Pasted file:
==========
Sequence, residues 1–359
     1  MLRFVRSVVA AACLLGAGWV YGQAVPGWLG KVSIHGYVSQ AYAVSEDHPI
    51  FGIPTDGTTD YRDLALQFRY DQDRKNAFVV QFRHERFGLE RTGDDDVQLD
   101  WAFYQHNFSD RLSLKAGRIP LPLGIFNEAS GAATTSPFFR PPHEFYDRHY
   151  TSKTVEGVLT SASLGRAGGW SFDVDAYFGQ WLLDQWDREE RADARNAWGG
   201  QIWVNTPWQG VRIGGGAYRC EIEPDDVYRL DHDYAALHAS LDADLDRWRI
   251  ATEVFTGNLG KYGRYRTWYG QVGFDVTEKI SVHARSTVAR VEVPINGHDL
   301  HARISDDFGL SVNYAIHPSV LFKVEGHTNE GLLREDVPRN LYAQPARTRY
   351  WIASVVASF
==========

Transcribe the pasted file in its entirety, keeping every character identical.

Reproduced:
Sequence, residues 1–359
     1  MLRFVRSVVA AACLLGAGWV YGQAVPGWLG KVSIHGYVSQ AYAVSEDHPI
    51  FGIPTDGTTD YRDLALQFRY DQDRKNAFVV QFRHERFGLE RTGDDDVQLD
   101  WAFYQHNFSD RLSLKAGRIP LPLGIFNEAS GAATTSPFFR PPHEFYDRHY
   151  TSKTVEGVLT SASLGRAGGW SFDVDAYFGQ WLLDQWDREE RADARNAWGG
   201  QIWVNTPWQG VRIGGGAYRC EIEPDDVYRL DHDYAALHAS LDADLDRWRI
   251  ATEVFTGNLG KYGRYRTWYG QVGFDVTEKI SVHARSTVAR VEVPINGHDL
   301  HARISDDFGL SVNYAIHPSV LFKVEGHTNE GLLREDVPRN LYAQPARTRY
   351  WIASVVASF